Witchcraft and mystery, or, the object that never was in our collection
Jessica Burdge and Katie Eagleton
Every museum has at least one object that people sometimes ask about, but which actually isn’t in their collection. For the Museums of the University of St Andrews there is an added layer of mystery, because ours is a witch skull, and we can’t illustrate this blog with a photograph of it, because it has disappeared.
More than 300 years ago, Lilias Adie from Torryburn, Fife, was accused of witchcraft. She died in prison in 1704, before the sentence of execution could be carried out, and her remains were buried on the beach weighed down by a large stone, which was said to be to stop her coming back to haunt people. In the 19th century, her remains were exhumed, and accounts you can find online today usually say that the skull was initially in the private collection of a doctor in Dunfermline, then in the University of St Andrews anatomy collection – but went missing sometime in the 20th century. Today, more than 300 years after Adie’s death, there are attempts to find her remains, and to more respectfully remember her and others who were tried for, and convicted of, witchcraft in Scotland.
It’s a story that has all the elements of a mystery story: witchcraft and a disappearing skull. As a result, we receive reasonably regular queries asking where the skull is now, and what records we have of it in our collection in the past?
The St Andrews connection seems to begin on 30th September 1884, when twelve men of the Fifeshire Medical Association met at St Andrews, in the classroom of Professor Pettigrew, anatomist at the University. The first talk was on the history of the University, and the second talk was on Lilias Adie. Dr William Barrie Dow from Dunfermline showed her skull to the gentlemen present, explained his observations on it, and read extracts from the Kirk-Session records. There was then a third talk on the then-recently-described tuberculosis bacterium, including viewing of specimens through microscopes, before everyone repaired to the Cross Keys Hotel for dinner and speeches to celebrate Dr Dow having been elected President of the Association for the coming year (Dundee Evening Telegraph, 2 October 1884, page 3).
It is not clear who owned the skull in 1884 – or, indeed, whether the group took it to the Cross Keys with them – but in the published version of his talk, Dow named Robert Couston (who had not been present at the meeting) as the former owner of the skull. Sometime around the turn of the century, although it is not known where or by whom, three photographs of the skull were taken, and it is these that have recently allowed a reconstruction of Adie’s face to be created by specialists at the University of Dundee. In 1901 and 1904, Robert Couston published articles about Lilias Adie in the Dunfermline Press in which he said that her skull had come to the St Andrews Museum.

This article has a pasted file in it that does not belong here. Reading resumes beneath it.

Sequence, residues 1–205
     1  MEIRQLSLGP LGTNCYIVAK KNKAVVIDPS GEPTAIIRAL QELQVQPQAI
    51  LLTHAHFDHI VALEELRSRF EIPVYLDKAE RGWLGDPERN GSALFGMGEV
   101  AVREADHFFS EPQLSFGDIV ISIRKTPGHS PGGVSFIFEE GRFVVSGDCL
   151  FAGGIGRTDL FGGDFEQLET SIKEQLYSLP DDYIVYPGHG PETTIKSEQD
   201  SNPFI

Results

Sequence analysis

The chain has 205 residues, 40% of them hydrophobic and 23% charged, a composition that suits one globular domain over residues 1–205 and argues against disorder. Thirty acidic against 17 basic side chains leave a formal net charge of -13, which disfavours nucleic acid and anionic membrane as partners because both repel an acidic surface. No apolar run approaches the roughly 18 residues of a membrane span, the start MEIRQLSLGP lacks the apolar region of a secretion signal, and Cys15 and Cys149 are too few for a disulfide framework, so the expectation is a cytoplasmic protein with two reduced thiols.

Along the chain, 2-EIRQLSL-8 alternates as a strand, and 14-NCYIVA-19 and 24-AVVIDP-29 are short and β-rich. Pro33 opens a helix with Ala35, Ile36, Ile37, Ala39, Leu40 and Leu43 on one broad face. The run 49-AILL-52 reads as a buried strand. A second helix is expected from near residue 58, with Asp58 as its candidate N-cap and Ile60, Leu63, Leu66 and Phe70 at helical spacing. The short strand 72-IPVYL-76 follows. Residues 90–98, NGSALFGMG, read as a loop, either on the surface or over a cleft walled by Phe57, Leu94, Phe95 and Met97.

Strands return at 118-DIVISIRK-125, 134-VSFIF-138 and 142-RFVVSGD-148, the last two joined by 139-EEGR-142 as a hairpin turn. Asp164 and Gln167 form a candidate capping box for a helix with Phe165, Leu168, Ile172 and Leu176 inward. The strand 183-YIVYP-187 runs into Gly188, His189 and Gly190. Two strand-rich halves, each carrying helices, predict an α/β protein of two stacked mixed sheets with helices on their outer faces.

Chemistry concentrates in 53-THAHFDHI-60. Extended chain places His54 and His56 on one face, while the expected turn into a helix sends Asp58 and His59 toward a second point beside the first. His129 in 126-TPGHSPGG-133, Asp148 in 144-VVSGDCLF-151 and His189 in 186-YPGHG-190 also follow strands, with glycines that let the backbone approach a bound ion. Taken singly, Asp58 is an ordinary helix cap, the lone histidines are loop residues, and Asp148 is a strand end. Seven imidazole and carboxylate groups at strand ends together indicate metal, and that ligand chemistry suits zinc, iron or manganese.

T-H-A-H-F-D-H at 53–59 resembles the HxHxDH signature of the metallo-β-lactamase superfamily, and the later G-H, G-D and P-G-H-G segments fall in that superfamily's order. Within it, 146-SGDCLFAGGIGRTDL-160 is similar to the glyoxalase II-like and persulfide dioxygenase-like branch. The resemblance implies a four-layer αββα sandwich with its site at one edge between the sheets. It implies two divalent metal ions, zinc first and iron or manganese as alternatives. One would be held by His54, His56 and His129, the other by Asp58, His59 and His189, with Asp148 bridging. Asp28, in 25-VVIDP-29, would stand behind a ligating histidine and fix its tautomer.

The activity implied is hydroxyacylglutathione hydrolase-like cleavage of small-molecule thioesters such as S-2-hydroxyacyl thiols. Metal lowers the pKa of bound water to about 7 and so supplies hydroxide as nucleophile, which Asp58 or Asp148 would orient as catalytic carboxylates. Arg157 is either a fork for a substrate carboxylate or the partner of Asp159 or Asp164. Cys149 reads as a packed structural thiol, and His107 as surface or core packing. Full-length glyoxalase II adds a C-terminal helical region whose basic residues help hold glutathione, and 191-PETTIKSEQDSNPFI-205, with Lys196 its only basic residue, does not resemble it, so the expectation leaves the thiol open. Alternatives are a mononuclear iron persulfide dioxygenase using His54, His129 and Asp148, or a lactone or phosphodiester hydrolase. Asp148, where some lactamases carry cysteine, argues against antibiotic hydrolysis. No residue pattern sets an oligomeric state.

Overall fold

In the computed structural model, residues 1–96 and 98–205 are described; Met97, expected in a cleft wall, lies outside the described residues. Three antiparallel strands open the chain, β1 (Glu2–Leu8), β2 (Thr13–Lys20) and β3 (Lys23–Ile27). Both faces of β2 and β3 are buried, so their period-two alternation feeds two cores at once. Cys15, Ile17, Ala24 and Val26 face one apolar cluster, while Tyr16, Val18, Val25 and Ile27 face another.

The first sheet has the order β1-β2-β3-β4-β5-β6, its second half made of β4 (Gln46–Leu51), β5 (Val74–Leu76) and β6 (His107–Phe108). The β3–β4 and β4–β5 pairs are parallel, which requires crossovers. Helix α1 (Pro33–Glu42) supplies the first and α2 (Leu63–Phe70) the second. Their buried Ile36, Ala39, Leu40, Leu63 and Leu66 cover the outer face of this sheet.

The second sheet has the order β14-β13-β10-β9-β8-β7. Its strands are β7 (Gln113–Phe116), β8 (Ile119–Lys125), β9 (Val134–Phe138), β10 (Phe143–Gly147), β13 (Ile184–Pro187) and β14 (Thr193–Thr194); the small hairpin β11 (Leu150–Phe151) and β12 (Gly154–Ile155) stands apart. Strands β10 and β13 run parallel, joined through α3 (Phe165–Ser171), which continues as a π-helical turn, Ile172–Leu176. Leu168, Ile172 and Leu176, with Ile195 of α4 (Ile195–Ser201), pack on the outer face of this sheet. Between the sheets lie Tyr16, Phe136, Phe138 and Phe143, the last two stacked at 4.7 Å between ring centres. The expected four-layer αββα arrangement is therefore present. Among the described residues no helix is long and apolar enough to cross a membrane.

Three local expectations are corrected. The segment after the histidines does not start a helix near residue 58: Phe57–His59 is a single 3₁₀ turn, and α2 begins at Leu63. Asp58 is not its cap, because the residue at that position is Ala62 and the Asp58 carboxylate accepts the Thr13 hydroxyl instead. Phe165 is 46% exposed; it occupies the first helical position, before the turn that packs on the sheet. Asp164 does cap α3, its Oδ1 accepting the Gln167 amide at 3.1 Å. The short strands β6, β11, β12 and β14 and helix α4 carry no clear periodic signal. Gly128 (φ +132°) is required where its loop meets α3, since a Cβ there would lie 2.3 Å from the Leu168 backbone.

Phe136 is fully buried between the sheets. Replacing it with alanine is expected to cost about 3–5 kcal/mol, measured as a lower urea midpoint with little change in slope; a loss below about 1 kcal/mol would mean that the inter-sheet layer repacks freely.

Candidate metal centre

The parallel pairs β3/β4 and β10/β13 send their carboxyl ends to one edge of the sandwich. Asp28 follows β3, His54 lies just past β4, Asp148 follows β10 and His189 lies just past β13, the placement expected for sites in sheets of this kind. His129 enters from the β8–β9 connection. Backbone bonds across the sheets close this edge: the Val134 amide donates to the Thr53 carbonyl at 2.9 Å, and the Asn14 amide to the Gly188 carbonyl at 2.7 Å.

The problem is, we can find no trace of it.
From 1838 onwards, the St Andrews Literary and Philosophical Society, who were responsible for the museum at the University, kept detailed lists of objects acquired for the collection, and in those there is no mention of anything that could be this skull. Nor is it included in a complete list of the museum and its collection that was compiled in 1904 when the Literary and Philosophical Society formally handed both over to the University. These records are detailed, but to be sure that the skull wasn’t somehow in the collection without proper documentation, we took copies of the photographs of Lilias Adie’s skull (which has distinctive and prominent front teeth) and compared it with the skulls in the Anatomy and Pathology collection. None were similar. The trail, at this point, goes cold, and we can only conclude that Lilias Adie’s skull was probably never part of the collections at the University of St Andrews.
However, readers who know the history of the University and the history of its museums may have spotted a coincidence of locations here, that might be the key to unlocking this mystery. That is, Professor Pettigrew’s rooms at the University were in the United College Building, only a few hundred metres from the location of the University Museum, which in 1884 was in Upper College Hall.
Perhaps, then, there is no witchcraft and no mysterious disappearance here at all – if statements that the skull was in the University of St Andrews Museum trace back to newspaper reports by someone who wasn’t there, published 15 years later, of an evening in 1884 when a group of medical gentlemen examined Adie’s skull at the University close to – but not in – the University Museum.
The last time the location of Lilias Adie’s skull was known was in 1938 when it was displayed along with other objects relating to witchcraft as part of the Empire Exhibition in Glasgow, in one of the two Scottish pavilions. One contemporary newspaper reported that it “grins from a showcase”, and repeats Couston’s statement that the skull had previously been in the collections of the University of St Andrews but gives no details about who at that point owned it (Falkirk Herald, 16 July 1938, page 7). Records of the Empire Exhibition are now held in the University of Glasgow Archives but the Hunterian Museum has no record of Lilias Adie’s skull being deposited in their collection, so it may be that it is still in a private collection somewhere.
The search continues.